Thursday, April 03, 2008
where the wild things are
I was rather alarmed when I first heard this story on my drive into work today, mostly because the broadcaster made it sound like the experimental embryo was equal parts cow and human and created just so scientists with Dr. Frankenstein complexes could say they did it.  Of course it only took a cursory glance at the story to realize that the "monstrous" embryo was actually 99.9% human, and it was created in the interest of stem cell research.  Obviously, the story is still worthy of controversy, however the facts make it all sound so much more reasonable.

But ethical can of worms aside, I have to admit that my first reaction was to laugh.  If you look back to my April 1st post (which I took down for a few hours since the issue ended up getting even bigger and weirder than I ever expected was possible), it appears that  anthropomorphism appears to be the theme of my week.  

And that's okay.  It could be worse.

But since it's now clear that a half cow/half human (or, "cuman") can actually be genetically engineered and that we may one day live among them, then it's clear that several questions remain.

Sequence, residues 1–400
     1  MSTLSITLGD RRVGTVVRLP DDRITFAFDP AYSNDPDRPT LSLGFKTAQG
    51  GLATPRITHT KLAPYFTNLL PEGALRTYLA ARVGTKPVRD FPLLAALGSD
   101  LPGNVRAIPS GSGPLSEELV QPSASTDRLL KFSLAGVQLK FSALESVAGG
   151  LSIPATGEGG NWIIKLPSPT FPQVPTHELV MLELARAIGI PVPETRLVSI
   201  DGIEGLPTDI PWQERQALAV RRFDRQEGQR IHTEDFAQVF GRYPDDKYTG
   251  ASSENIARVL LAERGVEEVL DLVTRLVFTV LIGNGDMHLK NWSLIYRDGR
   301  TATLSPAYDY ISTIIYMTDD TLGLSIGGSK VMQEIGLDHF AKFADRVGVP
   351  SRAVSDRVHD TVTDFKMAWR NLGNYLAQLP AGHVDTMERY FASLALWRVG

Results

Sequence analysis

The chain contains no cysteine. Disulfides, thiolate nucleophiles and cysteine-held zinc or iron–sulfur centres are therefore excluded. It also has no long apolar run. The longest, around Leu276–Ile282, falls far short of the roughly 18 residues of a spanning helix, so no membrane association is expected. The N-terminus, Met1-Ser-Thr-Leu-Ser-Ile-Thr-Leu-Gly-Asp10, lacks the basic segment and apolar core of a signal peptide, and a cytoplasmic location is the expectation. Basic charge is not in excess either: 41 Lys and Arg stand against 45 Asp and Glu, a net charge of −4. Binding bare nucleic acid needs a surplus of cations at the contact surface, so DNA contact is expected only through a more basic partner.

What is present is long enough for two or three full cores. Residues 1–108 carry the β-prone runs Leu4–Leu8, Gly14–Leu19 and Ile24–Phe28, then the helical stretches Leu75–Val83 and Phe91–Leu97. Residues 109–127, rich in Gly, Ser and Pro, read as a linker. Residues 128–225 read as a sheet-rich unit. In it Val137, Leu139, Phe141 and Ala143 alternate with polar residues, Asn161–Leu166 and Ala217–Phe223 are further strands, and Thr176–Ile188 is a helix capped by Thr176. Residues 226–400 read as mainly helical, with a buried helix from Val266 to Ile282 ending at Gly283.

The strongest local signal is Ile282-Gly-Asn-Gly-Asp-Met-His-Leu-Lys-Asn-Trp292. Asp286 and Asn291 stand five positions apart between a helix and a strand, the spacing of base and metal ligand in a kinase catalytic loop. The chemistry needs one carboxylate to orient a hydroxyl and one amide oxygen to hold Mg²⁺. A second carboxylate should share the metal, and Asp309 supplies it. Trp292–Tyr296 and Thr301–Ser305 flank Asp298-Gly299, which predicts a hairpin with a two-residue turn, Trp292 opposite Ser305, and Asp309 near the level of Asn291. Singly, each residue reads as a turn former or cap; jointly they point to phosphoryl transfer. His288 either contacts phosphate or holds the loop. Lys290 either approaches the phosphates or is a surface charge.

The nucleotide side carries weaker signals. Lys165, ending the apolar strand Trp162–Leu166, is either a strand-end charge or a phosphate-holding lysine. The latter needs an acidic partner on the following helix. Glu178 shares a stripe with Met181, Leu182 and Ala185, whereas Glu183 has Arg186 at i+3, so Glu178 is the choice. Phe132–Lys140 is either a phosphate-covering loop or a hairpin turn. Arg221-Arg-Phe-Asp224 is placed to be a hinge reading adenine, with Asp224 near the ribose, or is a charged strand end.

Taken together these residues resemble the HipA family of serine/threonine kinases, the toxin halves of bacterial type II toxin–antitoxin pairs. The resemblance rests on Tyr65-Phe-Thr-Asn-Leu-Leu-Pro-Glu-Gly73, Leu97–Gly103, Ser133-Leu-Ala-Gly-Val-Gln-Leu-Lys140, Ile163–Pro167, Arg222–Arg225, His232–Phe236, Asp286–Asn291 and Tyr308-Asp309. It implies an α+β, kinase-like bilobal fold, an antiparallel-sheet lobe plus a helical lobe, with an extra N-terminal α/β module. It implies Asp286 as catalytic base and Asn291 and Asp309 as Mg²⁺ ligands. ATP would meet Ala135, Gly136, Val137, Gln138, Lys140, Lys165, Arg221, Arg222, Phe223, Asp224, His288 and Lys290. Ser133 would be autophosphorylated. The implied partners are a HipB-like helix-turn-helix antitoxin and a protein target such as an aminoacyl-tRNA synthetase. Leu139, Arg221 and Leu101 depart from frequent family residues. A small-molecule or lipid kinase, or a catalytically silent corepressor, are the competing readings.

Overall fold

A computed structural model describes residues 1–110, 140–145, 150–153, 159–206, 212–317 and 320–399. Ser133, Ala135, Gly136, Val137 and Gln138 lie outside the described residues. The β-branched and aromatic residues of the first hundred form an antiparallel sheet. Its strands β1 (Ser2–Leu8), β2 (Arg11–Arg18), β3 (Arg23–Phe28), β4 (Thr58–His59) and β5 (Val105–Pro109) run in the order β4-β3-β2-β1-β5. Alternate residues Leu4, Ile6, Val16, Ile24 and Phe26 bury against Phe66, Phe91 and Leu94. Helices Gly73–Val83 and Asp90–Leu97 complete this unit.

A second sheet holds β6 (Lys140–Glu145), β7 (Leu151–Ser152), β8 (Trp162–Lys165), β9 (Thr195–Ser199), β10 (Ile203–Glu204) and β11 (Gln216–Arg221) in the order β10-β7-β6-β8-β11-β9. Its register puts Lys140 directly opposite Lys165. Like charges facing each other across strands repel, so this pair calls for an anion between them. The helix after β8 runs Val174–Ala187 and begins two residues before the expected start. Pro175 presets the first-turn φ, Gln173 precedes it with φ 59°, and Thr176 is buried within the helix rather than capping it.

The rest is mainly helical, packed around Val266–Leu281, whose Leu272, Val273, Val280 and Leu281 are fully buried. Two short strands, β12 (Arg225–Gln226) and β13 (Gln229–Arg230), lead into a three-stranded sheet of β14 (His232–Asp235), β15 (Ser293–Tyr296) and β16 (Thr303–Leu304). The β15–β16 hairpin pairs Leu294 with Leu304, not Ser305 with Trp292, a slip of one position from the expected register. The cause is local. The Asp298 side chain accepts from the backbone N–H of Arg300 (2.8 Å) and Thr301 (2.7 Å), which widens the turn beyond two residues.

Namely: 
- With a compartmentalized stomach and the ability to derive nutrients by snacking on cud, wouldn't cumans have the neatest lawns in the neighborhood? And how would that affect the livelihood of local lawn services and industrious neighbor boys?
- Would it be considered cannibalistic for a cuman to eat a hamburger?
- With free dairy always at hand, would that spell doom for the dairy industry?
- (Imagine a milk mustache joke that I have enough couth to refrain from making, but not enough to refrain from hinting at.) 
- And most importantly, if a cuman tips over, will it be able to get up?

Did the mad British scientists even consider these momentous questions before proceeding with their voodoo experiments?!


Sorry.  I've been dealing with a half fox/half girl (or "firl") issue all week, and I think it's made me a bit crazy. 

Crazy...like a fox!

(No really, sorry.  They can't all be winners, you know.)


1 Comments:

Blogger Steve said...

Would a lactose intolerant cuman complain about its stomachs hurting?

Could aggro-cumans participate in bullfights?

These are the questions you're making me ponder. Proud?

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